Take Romeo and Juliet and put it in current times with the Israeli and Palestine conflict and we have Ronit & Jamil. A smart Israeli girl and a smart Palestinian boy, both raised by doctors who meet in passing assisting their fathers at a hospital. Thus begins this little (178 paged pocket sized) universal love story.
This story reads quickly and even quotes a few lines from Shakespeare’s work. What is unique in this modern retelling is that communication not only occurs via text messages, but that Ronit and Jamil, unlike Juliet and Romeo, know the entire time they are going against family rules and cultural laws. In fact, knowing how their relationship would be both a disgrace and punishable, makes them value their time together even more than the immature star-crossed-lovers. The forbidden love is similar, as it has probably occurred throughout time, but these passages make it modern in a way the reader – even if unfamiliar with the Palestine and Israeli struggle – will follow.
Throughout the alternative narration, Ronit and Jamil have similarities with their family lives and their own interests, as seen in the passages “What I love” and “What I hate”. The overall tone is one of finding love and while being afraid of rules, family, and law, holding onto that love through a time of war; finding joy and truth when it contradicts what you were led to believe. Ronit and Jamil eventually must face their reality and which they will chose: family or love.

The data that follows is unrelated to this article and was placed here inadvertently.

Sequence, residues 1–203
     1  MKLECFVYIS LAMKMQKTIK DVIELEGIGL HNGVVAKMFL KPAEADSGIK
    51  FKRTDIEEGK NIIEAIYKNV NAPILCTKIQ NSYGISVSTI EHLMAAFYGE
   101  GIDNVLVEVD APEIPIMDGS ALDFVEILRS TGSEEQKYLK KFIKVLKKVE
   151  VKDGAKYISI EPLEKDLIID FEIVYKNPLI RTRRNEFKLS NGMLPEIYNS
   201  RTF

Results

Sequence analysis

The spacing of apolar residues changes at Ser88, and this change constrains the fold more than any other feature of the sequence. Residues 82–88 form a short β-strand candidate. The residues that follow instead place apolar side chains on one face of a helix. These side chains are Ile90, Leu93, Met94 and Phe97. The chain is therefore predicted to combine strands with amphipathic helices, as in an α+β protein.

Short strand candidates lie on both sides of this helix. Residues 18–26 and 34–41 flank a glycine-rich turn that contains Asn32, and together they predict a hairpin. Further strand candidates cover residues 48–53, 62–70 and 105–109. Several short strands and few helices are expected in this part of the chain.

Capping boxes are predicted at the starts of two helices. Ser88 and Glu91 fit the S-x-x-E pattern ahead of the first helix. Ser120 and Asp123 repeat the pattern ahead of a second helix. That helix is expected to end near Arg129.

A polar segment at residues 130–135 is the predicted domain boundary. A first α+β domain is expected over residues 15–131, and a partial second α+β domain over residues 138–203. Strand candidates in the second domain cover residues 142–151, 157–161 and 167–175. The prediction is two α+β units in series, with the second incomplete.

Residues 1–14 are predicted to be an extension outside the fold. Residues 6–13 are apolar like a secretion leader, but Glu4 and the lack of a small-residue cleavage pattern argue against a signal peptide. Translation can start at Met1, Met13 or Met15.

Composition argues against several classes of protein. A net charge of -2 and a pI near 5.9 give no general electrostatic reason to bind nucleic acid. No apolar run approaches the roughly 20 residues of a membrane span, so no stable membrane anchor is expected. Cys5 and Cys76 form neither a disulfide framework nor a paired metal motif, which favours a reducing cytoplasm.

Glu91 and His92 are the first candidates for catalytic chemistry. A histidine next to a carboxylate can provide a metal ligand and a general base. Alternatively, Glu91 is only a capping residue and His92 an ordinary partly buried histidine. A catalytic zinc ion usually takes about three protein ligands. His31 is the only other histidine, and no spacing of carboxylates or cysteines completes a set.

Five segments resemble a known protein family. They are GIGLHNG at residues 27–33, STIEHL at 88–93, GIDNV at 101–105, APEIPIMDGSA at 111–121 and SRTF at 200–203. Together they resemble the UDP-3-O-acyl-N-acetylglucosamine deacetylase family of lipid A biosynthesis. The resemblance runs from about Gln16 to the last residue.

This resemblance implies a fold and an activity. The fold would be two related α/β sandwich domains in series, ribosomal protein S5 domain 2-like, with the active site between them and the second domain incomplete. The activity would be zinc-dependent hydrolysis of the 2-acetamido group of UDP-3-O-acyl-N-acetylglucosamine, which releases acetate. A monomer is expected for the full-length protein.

Veda is a trained prodigy in bharatanatyam dance. In India, she is well respected as a skilled dancer. When a bus accident results in the partial amputation of her leg, she not only loses the ability to dance, but also her connection to the story of the dance and its significance to her culture.
Trying to overcome the unfairness of the accident is only part of her struggle, she must learn that her identity as a dancer must change or disappear altogether. Knowing dance is in her heart, she finds strength to not only begin dancing using her prosthetic leg, but to begin many aspects of her life again. Helping her along is her lovely grandmother who has supported Veda in dance and life and Jim, the American doctor who fixes and teaches Veda how to use her new leg. Veda is strong and resilient and when her dance teacher refuses to continue teaching her, she finds another dance teacher who isn’t put off by her disability. In fact, it’s at this new studio where she meets Govinda, a young dancer and dance teacher, who treats Veda as an artist.
This is a story about more than dance, but the spirituality of dance cannot be ignored. It’s as important to the story as any character. This is a beautiful novel about healing the mind, body, and spirit.
Everywhere in Everything
Everywhere, in everything, I used to hear music. …
in the scents of cumin, coriander, and red chili. Wrap my arms around Paati’s plush body. At night I’d hear music in the buzz of hungry mosquitoes swarming outside my mosquito net, …
In the grey-green hospital room silence stretches. (42-43)